Work in progress

The relationship between environmental variability, risk preferences and institutional regimes for the extraction of renewable resources

Species and fleet dynamics in ecosystem-based management
(with J.C. Villaseñor)

Water market dynamics in the presence of environmental variability
(with A. Ayres)

The social value of hurricane forecast
(with Ivan Rudik)

Public preferences on engineered and nature-based coastal adaptation infrastructure (with C. Dario, and D. Kelly)

Working papers

Capturing the Co-Benefits of Conservation

(with C. Costello and D. Kaffine)

Conservation actions typically focus on securing public goods, but they often also create private spillover co-benefits. For example, protecting open space may increase the values of adjacent properties and protecting a coral reef may increase fishing opportunities outside. These privately-captured co-benefits can be substantial, but are rarely tapped to help lower the overall cost of the original conservation intervention. One reason, we argue, is that doing so is difficult: While co-beneficiaries are easily convinced of the benefits of the conservation intervention, they are not obliged to pay for it, and so usually free-ride and enjoy these benefits gratis. We propose an approach called the Co-benefits Coordination Device (CCD), which allows the conservationist to capture some of these co-benefits. This approach can dramatically lower the cost of conservation while being incentive compatible for all parties involved, effectively allowing the co-benefits of conservation to be shared between the conservationist and co-beneficiaries. Under incomplete information – for example if the conservationist does not know the private co-benefits to adjacent landowners with certainty – the CCD can still lower the cost of conservation, but a trade-off emerges between reducing the cost of conservation and the risk of a conservation project not going forward. As this risk is tied to scientific uncertainty, our results highlight that reducing scientific uncertainty can benefit conservationists when they are bargaining with private property owners. We illustrate the use of this mechanism in a simple terrestrial wetlands conservation example and discuss its application in several other conservation settings.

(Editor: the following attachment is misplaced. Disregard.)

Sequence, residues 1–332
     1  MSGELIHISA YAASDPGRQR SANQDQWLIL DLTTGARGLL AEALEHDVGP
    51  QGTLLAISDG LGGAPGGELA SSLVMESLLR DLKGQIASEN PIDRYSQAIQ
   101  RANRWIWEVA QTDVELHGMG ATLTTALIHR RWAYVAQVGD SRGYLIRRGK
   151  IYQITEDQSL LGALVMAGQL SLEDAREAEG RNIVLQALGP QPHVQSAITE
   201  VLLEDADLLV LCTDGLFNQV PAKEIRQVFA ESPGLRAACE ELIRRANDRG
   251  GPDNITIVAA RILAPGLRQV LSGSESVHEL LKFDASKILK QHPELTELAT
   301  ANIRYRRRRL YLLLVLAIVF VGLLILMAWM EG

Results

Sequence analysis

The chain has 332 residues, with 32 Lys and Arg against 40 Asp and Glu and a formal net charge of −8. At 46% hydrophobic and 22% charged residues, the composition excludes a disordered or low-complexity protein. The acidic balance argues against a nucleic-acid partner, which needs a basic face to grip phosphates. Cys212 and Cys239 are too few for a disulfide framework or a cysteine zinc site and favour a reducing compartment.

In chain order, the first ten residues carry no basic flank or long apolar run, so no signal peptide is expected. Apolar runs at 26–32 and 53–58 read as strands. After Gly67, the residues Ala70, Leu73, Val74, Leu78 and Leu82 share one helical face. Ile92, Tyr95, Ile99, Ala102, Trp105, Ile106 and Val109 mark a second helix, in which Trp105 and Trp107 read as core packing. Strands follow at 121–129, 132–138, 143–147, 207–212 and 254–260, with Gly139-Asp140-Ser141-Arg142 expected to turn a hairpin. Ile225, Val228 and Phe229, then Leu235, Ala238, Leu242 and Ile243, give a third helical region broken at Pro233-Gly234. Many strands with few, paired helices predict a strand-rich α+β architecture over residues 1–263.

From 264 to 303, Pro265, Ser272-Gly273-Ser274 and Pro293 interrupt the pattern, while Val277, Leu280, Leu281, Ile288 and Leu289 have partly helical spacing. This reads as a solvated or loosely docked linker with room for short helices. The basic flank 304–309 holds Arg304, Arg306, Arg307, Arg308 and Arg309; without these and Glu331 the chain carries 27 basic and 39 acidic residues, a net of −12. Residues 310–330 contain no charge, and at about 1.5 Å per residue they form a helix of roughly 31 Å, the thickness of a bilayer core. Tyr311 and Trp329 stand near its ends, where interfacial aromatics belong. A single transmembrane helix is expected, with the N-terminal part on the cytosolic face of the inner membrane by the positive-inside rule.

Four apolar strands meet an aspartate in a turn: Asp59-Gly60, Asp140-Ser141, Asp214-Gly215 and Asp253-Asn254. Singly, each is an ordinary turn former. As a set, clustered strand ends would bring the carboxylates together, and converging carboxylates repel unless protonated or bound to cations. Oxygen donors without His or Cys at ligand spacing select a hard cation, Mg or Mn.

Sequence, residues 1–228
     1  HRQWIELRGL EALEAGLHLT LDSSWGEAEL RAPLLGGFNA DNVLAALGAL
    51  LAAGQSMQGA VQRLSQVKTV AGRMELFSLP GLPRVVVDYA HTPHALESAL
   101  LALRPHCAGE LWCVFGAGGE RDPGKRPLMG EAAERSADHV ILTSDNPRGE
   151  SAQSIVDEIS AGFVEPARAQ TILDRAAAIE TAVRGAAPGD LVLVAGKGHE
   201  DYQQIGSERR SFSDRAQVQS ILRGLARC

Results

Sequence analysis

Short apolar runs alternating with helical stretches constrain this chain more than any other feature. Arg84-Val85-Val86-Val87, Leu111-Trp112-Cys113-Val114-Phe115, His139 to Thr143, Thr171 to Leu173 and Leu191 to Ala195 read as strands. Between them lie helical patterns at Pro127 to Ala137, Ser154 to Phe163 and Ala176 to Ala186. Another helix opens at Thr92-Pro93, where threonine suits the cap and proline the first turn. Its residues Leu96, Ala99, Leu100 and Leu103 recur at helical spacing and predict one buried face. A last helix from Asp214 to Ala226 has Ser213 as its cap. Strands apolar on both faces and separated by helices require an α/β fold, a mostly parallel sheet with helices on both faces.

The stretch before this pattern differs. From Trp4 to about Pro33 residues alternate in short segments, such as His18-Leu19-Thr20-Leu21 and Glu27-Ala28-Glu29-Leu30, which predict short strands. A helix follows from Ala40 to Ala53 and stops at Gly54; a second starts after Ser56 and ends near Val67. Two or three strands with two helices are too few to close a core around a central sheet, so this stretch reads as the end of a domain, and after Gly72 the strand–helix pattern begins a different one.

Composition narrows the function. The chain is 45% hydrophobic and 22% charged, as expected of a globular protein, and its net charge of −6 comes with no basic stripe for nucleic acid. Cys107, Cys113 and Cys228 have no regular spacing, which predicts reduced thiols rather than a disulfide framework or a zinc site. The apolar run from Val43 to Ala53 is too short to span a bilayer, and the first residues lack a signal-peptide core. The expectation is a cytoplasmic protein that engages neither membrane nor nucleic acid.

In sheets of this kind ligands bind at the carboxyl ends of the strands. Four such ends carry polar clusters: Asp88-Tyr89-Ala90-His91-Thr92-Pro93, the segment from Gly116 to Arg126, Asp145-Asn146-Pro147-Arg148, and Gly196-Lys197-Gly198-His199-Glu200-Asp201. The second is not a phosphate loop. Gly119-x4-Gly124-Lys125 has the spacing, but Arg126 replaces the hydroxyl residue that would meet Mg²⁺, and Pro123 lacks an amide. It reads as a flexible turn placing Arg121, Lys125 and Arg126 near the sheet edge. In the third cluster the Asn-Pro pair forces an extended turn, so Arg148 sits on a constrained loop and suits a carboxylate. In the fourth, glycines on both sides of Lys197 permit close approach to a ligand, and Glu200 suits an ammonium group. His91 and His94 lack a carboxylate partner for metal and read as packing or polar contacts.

Natural Disasters in Common Property Regimes: The Case of the Chilean Tsunami

Developing countries tend to suffer the most from natural disasters, but the mechanisms underlying this outcome are poorly understood. I postulate that the lack of strong and well-defined property rights for renewable resources is a factor increasing the impacts of disasters. I explore this claim by examining investment patterns across institutional regimes in Chilean small-scale fisheries before and after a tsunami in 2010. The results indicate important links between more common regimes and excessive investment increasing the cost of the tsunami. This paper contributes to the ongoing work on the economic impact of natural disasters and provides an argument for how institutional regimes can be used as adaptation strategies.

The Economic Impact of Modern Piracy on Global Shipping

(with G. McDonald)

Maritime transport has been historically susceptible to piracy. Rough assessments of the impact of modern piracy point to significant losses per year, with most encounters taking place in some of the most important shipping routes globally. In this paper, we unify the sparse theoretical literature with data available for both shipping voyages and pirate encounters to credibly assess the effect of piracy on the shipping industry. We explore theoretical insights to account for strategic behavior based on observed pirate encounters, then compile and analyze a unique geospatial dataset to test those insights. The dataset includes high spatial and temporal resolution information on pirate encounters, individual vessel tracks, and weather at sea. Our results establish the response of the shipping industry to pirate encounters, showing how the reported presence of pirates along a given route increases both the individual and aggregate cost of transportation, as well as its environmental impact, with major implications for the shipping industry at a global scale. Link